Once your adult teeth are in, you never get another set. Taking care of your teeth is vital if you want to keep a healthy smile and retain your ability to chew foods well into old age—not to mention avoid pain and discomfort in the meantime.
Fortunately, taking good care of your teeth is neither hard nor expensive, and regardless of whether you’ve prioritized your dental health in the past, there’s always time to start.
How to Take Better Care of Your Teeth
These tips will ensure your teeth (and mouth) remain in the best possible health:
- Brush twice a day (at minimum). Brushing your teeth is the most obvious way to improve your dental hygiene, so it’s secure at the top of this list. The standard recommendation is to brush at least twice a day, though sometimes you’ll hear advice to brush after each meal. Brushing your teeth with toothpaste gets rid of debris that might otherwise build up on your enamel, allowing you to resist the onset of cavities.
- Use softer bristles and gentler strokes. It’s tempting to brush hard, to get rid of as much debris as possible, but it’s usually better to employ a light technique. If you brush too hard, you could do active damage to the enamel of your teeth and cause premature gum recession. The same is true of stiff bristles, so make sure you buy toothbrushes with the softest possible bristles.
- Learn the proper brushing techniques. There’s a right way and wrong way to brush your teeth. While many people default to using up-and-down or back-and-forth strokes, it’s much more efficient and healthier to use small, rotating circles.
- Account for your dental accessories. If you wear dental accessories, like custom gold grillz, you’ll need to account for them. Dental Grillz and similar accessories are safe for your teeth, as long as you care for them properly. Remove them before meals and clean your teeth and mouth before using them. Keep them as clean as possible and remove them before sleeping.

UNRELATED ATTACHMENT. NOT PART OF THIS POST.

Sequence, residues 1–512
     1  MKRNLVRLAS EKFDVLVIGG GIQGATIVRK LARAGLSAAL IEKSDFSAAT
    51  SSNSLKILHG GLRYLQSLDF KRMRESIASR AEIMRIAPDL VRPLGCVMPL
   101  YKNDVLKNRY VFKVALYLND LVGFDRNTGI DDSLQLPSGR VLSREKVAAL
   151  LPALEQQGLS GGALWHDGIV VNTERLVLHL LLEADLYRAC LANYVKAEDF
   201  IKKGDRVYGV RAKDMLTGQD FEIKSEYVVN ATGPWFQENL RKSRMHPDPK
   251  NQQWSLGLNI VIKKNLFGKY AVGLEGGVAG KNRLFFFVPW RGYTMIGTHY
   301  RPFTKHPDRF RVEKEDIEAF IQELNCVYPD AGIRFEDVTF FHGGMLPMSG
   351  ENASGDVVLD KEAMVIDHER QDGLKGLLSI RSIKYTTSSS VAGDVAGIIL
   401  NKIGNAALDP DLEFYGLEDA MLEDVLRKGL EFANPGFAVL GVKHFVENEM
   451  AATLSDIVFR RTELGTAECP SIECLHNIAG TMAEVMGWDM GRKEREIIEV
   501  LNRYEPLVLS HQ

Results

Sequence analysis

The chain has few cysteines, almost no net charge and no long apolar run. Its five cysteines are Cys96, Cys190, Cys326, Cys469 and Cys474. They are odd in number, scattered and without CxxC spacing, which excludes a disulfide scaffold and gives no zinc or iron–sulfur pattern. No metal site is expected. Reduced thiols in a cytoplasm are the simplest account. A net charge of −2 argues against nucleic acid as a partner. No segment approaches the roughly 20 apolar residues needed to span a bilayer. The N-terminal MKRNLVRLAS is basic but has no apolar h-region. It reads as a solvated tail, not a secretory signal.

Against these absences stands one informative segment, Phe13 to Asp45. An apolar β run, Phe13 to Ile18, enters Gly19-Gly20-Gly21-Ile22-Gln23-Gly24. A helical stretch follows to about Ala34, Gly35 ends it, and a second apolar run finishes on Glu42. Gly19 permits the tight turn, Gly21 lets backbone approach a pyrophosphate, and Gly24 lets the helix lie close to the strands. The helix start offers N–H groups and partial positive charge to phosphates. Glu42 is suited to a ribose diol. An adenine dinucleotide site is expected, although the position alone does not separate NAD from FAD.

- Floss daily. At least once a day, and preferably immediately before brushing, floss your teeth. Flossing helps you loosen and remove food particles and plaque that would otherwise build up between your teeth, ultimately resulting in cavities. If you floss before brushing, you’ll be able to remove any debris that you loosen in this process.
- Rinse with fluoride mouthwash daily. As a measure of added protection, rinse with mouthwash once per day, preferably after flossing and brushing. There are many types of mouthwash available, but the best is a fluoride-based mouthwash; fluoride binds with your teeth to create a thin protective layer, making it much harder for cavities to form.
- Get regular cleanings and screenings. While you may not enjoy the experience, it’s important to see a dental hygienist and/or dentist at least twice a year. Regular cleanings will mitigate the buildup of plaque on your teeth, and ensure your teeth keep a smooth polish that prevents further buildup. More importantly, they’ll take this opportunity to inspect your teeth and mouth; if there are any emerging problems, they can identify them and correct them proactively, before they get any worse.
- Avoid tobacco products. Tobacco products are responsible for a host of dental health complications, ranging from halitosis (bad breath) to oral cancer. Chewing tobacco, cigarettes, and other problems are notorious for this. Avoid them at all costs.
- Cut back on sugars and acids. While you’re at it, try to cut back on sugary products and products that contain lots of acidic compounds. These food and drink products can wear away the surface-level enamel of your teeth, resulting in cavities. Candy, sodas, and juices are especially problematic. If you do eat foods like these, make sure to rinse with water and brush your teeth afterward.
- Wear protective gear while playing sports. Many people don’t give their teeth much consideration when playing sports, but it’s important to protect them during these physical activities. If you trip and fall, or if an object (like a ball) hits you in the face, you could easily chip or lose a tooth. Fortunately, most of these injuries can be entirely prevented with the help of a form-fitting mouthguard. Simple mouthguards are also extremely inexpensive and somewhat comfortable to wear, making them a worthwhile investment.
Even if you have immaculate dental health habits, there’s still a chance you could develop a dental health problem. These tips just minimize the chances of those developments occurring, and mitigate the severity of those issues, should they arise. Most of them can be completed on a tight budget, and none of them take much time, so you owe it to yourself to follow them.